I've been studying Gödel's incompleteness theorems and I am stuck with the Tarskian notion of truth. I 've searched all over the internet, in books, in relevant topics here , but I didn't find a satisfactory answer. Ok , let me state exactly what my problem is :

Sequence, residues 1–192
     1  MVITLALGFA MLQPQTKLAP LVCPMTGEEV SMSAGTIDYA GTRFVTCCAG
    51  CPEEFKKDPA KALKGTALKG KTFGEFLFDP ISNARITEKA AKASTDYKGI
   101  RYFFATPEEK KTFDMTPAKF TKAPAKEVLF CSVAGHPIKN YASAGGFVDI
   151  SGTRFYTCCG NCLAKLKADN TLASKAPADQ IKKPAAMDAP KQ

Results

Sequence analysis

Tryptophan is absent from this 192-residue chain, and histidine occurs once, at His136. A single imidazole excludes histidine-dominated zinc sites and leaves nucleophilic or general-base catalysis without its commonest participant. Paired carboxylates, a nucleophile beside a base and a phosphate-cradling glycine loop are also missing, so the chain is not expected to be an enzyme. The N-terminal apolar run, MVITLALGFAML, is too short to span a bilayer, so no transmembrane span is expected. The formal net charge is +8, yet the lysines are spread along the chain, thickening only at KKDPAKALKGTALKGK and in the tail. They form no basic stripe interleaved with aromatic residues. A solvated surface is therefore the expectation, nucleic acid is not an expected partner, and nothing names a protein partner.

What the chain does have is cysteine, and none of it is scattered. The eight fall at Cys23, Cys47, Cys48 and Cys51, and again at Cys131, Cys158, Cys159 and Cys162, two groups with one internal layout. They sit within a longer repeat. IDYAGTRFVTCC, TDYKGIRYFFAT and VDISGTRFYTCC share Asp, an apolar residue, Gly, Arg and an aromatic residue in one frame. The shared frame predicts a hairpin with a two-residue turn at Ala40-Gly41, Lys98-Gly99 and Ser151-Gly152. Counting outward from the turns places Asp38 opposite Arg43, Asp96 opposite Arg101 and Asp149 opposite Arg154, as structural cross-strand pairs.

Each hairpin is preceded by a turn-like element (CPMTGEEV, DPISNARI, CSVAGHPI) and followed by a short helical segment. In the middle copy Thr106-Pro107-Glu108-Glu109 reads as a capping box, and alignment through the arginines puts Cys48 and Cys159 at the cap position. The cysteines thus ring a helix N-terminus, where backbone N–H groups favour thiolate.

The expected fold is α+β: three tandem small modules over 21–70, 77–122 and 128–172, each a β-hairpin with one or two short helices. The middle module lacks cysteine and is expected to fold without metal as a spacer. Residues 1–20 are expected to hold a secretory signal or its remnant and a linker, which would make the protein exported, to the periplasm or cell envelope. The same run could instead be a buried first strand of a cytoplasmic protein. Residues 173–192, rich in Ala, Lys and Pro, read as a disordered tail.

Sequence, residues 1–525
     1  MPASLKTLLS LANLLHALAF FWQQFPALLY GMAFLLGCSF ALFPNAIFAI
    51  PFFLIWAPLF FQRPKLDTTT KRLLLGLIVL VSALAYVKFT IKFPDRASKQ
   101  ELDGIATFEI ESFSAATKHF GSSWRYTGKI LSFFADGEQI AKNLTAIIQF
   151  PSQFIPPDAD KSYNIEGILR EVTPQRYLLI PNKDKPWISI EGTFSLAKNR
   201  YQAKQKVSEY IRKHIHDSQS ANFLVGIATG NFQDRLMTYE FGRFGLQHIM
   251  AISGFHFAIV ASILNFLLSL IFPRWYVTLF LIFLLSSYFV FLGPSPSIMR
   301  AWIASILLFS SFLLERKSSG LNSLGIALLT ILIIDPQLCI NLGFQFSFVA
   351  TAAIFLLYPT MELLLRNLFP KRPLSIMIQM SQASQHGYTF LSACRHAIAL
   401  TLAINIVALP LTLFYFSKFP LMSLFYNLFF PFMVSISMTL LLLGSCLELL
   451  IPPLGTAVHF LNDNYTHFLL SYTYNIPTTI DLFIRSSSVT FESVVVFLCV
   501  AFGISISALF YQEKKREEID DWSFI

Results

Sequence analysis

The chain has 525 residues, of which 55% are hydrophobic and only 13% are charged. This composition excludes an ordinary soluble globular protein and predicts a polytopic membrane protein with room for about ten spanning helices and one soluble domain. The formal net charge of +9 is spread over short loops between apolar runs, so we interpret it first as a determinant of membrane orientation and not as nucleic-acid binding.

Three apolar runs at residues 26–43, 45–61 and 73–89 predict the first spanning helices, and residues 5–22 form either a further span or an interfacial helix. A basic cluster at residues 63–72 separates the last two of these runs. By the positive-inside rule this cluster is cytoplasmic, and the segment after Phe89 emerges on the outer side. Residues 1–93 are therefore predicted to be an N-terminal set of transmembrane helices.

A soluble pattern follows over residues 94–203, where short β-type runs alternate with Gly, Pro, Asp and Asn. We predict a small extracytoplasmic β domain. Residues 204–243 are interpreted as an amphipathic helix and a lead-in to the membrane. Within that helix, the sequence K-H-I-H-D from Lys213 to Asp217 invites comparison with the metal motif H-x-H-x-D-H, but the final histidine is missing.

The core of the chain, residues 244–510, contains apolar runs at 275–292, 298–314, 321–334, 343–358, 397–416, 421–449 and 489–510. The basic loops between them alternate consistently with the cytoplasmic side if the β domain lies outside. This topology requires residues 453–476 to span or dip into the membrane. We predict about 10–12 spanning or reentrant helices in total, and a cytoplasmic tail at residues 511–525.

The semantic version of the first incompleteness theorem states that there are true sentences of arithmetic which cannot be proven by PA. It perfectly makes sense to me that there are sentences which cannot be proven or refuted by PA but what does it mean to say that there are true sentences that cannot be proven by PA. The immediate response is that these sentences are true in the standard interpretation of PA, namely in the standard model of the natural numbers. But what does this mean ? When is a sentence "true" in the standard model of the natural numbers ? I know that the second-order Peano arithmetic is categorical and thus a unique set ( up to isomorphism ) is a model of these axioms. Therefore it seems that every sentence has a definite truth value, either it is true or it is false, according to whether it holds for that unique model. But that seems to me completely wrong. Let's take Goldbach's conjecture for the sake of argument. Suppose that it is neither provable or disprovable. In what sense does this conjecture hold ? Someone could say : trivially because IN FACT every even number can be written as a sum of two primes. Maybe it's the Aristotelian logic that I reject. I simply cannot accept that there is an absolute truth besides what we can prove. My current view is that Tarski's definition of truth in a formal system simply presupposes that we magically have a metasystem where every question has simply a definite answer. Then we just translate every sentence into its relative meta-sentence and decide whether the first sentence is true or not. Maybe that's a naive view. An analytical exposition would be great.